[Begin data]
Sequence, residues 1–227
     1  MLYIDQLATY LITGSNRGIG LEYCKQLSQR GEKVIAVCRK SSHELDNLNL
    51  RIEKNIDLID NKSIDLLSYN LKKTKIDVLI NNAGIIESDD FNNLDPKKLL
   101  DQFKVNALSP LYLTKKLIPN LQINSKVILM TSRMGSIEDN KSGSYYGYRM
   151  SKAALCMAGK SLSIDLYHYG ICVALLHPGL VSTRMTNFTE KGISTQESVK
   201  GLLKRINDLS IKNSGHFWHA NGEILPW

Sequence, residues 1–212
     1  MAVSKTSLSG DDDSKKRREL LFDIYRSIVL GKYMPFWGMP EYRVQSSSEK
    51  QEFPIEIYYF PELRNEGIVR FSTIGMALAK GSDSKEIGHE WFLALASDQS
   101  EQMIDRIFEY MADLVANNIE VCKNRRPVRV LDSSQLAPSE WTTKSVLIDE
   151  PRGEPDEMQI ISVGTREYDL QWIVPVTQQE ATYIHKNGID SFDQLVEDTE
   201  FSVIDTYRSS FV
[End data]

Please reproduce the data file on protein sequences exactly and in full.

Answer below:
Sequence, residues 1–227
     1  MLYIDQLATY LITGSNRGIG LEYCKQLSQR GEKVIAVCRK SSHELDNLNL
    51  RIEKNIDLID NKSIDLLSYN LKKTKIDVLI NNAGIIESDD FNNLDPKKLL
   101  DQFKVNALSP LYLTKKLIPN LQINSKVILM TSRMGSIEDN KSGSYYGYRM
   151  SKAALCMAGK SLSIDLYHYG ICVALLHPGL VSTRMTNFTE KGISTQESVK
   201  GLLKRINDLS IKNSGHFWHA NGEILPW

Sequence, residues 1–212
     1  MAVSKTSLSG DDDSKKRREL LFDIYRSIVL GKYMPFWGMP EYRVQSSSEK
    51  QEFPIEIYYF PELRNEGIVR FSTIGMALAK GSDSKEIGHE WFLALASDQS
   101  EQMIDRIFEY MADLVANNIE VCKNRRPVRV LDSSQLAPSE WTTKSVLIDE
   151  PRGEPDEMQI ISVGTREYDL QWIVPVTQQE ATYIHKNGID SFDQLVEDTE
   201  FSVIDTYRSS FV